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Posts posted by ninetofive

  1. After their bath in the cognac, tarragon and garlic, my chicken livers bathed in milk overnight. This a.m. I pureed them for the terrine. Everything smelled even better today, and I loved the color, sort of a dark pink. I was tempted to take a taste, but raw chicken liver might be too extreme for an offal novice.

    I'm getting nervous about lunch today. This calf liver looks daunting ....

  2. Thanks, Therese. I'm glad you mentioned that, since I ended up finding a couple of little black sacs nestled between the lobes when I was trimming them up.

    Have to say, they smelled yummy in the marinade -- of course, all I could smell was the cognac, tarragon, and garlic. :smile:

  3. Well, my first experiment will be calves liver for lunch tomorrow, which I bought tonight. Will slice it thin, saute in butter as suggested here, and give it a try.

    Then I'm making a chicken liver terrine, which I'll be bringing to a party on Saturday. My friends have informed me they don't like liver, but they're willing to give this a try, especially since the livers get soaked in cognac before cooking. :biggrin:

    Therese, what does a chicken gallbladder look like? :shock:

  4. One of my cooking/eating goals this year is to revisit offal. I'll pretty much eat anything, or at least try something once, but I've not been able get past my childhood memories of liver and tripe. I fear they were not well prepared by mother, who is not an enthusiastic cook, so I'd like to give them another try. I use oxtail a lot for braised stews (not sure if that qualifies as offal), and I've been pleasantly surprised when I've tried a dish, liked it, and later found out there was bits of liver in it.

    My questions. Where should I start? I'd like to try the whole range of "variety meats," but I think starting with something hardcore, like brains, will bring a quick end to my project. Should I bypass the liver I see at the grocery store and visit my butcher for best quality? Any preparation tips for the offal you recommend? Cookbooks that will make my project go easier? (I have The Good Cook book on variety meats, which has lots of helpful pictures and directions.)

  5. Thanks for all these suggestions. I didn't find any Grains prior to last weekend, so I'm placing an order through Kalustyans, but I look forward to checking out all these local places in the coming months.

    Has anyone been to Cooking Matters, the new gourmet shop in downtown Nashua, NH? Looks like they may have some interesting spices (among other things!)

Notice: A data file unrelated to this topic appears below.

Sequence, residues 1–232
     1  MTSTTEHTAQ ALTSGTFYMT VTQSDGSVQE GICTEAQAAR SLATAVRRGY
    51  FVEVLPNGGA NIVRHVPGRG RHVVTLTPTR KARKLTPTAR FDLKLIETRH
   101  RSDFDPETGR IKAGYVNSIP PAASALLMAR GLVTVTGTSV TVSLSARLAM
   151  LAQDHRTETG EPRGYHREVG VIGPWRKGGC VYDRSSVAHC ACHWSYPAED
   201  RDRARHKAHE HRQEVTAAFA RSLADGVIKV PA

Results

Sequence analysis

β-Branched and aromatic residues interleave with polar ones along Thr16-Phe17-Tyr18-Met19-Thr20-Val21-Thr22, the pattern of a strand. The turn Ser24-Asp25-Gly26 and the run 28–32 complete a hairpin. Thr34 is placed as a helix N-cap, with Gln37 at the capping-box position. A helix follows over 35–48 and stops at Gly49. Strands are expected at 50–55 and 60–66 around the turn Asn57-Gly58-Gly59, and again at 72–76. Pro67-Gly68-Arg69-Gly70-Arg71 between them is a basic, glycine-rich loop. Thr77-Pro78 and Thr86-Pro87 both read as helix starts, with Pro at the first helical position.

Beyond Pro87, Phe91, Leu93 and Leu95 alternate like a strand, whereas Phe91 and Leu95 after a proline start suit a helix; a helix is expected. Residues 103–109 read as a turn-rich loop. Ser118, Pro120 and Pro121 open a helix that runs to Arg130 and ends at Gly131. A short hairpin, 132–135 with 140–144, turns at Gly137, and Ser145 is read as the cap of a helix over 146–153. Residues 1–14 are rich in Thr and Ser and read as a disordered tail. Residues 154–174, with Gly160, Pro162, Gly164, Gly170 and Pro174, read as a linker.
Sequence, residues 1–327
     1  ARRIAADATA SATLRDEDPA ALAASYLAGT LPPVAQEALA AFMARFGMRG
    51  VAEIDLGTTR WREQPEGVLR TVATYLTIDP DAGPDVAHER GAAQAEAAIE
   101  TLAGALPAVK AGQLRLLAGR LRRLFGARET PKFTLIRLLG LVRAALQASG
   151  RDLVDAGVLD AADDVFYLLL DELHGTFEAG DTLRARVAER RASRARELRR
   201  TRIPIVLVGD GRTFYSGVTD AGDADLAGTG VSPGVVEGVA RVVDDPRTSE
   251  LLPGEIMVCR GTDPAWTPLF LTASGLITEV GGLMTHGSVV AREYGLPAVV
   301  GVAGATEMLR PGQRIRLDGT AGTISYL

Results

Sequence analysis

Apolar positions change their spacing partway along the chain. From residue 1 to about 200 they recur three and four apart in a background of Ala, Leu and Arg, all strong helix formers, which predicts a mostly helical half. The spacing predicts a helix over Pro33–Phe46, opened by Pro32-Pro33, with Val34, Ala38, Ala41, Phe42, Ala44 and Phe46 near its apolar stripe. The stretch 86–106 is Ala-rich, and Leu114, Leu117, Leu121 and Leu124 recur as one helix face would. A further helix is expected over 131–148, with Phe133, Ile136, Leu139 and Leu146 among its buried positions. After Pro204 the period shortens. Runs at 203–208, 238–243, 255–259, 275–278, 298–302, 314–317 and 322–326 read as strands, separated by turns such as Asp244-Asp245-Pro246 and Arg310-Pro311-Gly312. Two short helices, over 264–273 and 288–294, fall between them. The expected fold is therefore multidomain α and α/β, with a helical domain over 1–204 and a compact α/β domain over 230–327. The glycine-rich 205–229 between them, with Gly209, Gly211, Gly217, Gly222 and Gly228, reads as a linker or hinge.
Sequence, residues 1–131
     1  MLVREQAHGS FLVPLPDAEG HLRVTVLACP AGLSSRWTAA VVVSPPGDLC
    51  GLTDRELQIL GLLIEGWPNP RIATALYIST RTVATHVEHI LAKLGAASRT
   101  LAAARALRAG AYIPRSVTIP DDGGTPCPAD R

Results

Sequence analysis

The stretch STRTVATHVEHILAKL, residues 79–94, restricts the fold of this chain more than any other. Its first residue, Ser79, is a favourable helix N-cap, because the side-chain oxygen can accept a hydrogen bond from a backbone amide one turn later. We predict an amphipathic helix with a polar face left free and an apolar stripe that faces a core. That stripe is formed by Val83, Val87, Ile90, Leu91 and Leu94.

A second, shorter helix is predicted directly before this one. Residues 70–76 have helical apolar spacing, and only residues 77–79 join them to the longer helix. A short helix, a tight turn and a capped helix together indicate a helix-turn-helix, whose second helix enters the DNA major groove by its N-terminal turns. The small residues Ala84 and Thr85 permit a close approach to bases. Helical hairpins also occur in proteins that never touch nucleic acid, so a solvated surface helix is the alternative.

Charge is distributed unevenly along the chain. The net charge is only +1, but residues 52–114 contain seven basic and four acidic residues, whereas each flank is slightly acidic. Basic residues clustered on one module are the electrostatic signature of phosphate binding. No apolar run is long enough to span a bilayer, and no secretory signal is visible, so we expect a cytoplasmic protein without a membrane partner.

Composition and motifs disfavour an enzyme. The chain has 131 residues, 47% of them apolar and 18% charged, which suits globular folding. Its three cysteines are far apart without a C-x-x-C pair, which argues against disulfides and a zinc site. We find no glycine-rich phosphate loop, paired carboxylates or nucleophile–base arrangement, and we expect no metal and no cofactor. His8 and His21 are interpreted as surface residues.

6. We made a trip up to Ipswich yesterday, and we stopped at the Clam Box for a "snack." We got a box of fried native clams and a box of scallops. I have to say I was disappointed. Although the clams were small and tender, they didn't have a lot of flavor. I guess I'm willing to chew a bit more for stronger clam flavor. My friend agreed, saying that the breading was all she tasted. Perhaps the big bellied clams have more flavor? The scallops, however, were very sweet and flavorful.

  7. I know your weekend visit to Mystic is over, but if you ever go back over the summer, you MUST stop at Sea Swirl on Rt. 1 for fried whole clams. Mmmm.

    My mother is a lifelong Mystic resident. She avoid Abbotts ("too touristy, and the food's not that great.") Instead, she gets her seafood and takeout items at Cove Fish Market, also on Rt 1 heading toward Stonington. Steak Loft is always packed, but I've found the food and service nothing to write home about. For a great weekend breakfast, you can't beat Kitchen Little, basically a small shack between Mystic Seaport and Mystic Village. (Long, long wait!) And when I was in college, the hot place to eat was Noahs on Water Street in Stonington, but I'm not sure if it's still there.

    I forgot all about Flanders Fish Market -- will have to drop by there next time I visit.

  8. I've only know grains of paradise in Sam Adams' summer ale.  I am curious to know what it actually is. 

    Grains of Paradise look a little like peppercorns, maybe smaller, and their taste is more bitter than pepper, but the same characteristics of spicy and warm. I've seen the spice used in Moroccan dishes; I like to use it on roasted eggplant, ground spice -- not whole.

  9. I thought a visit to Kalustyan's in NYC last weekend would curb my spice-buying for awhile ... no such luck. Any recommendations for well-stocked spice shops in the Boston area? Specifically, I'm looking for a place to buy Grains of Paradise for a dish I'm making over the weekend.

  10. I kept looking at this book whenever I went to the bookstore, so I finally ordered it through interlibrary loan last month. I followed her creme brulee recipe, and it came it wonderfully -- in fact, it may have been the best creme brulee I've made yet (and I've made lots). Very creamy and rich, lovely vanilla flavor, and I didn't get any unsightly bubbles on the top, which has happened with prior creme brulees. Recalling her directions from memory, you basically steam the custards by putting foil over the casserole dish containing the ramekins and hot water.

    I enjoyed reading the book, as well, so I do think I'll eventually purchase it for my library.

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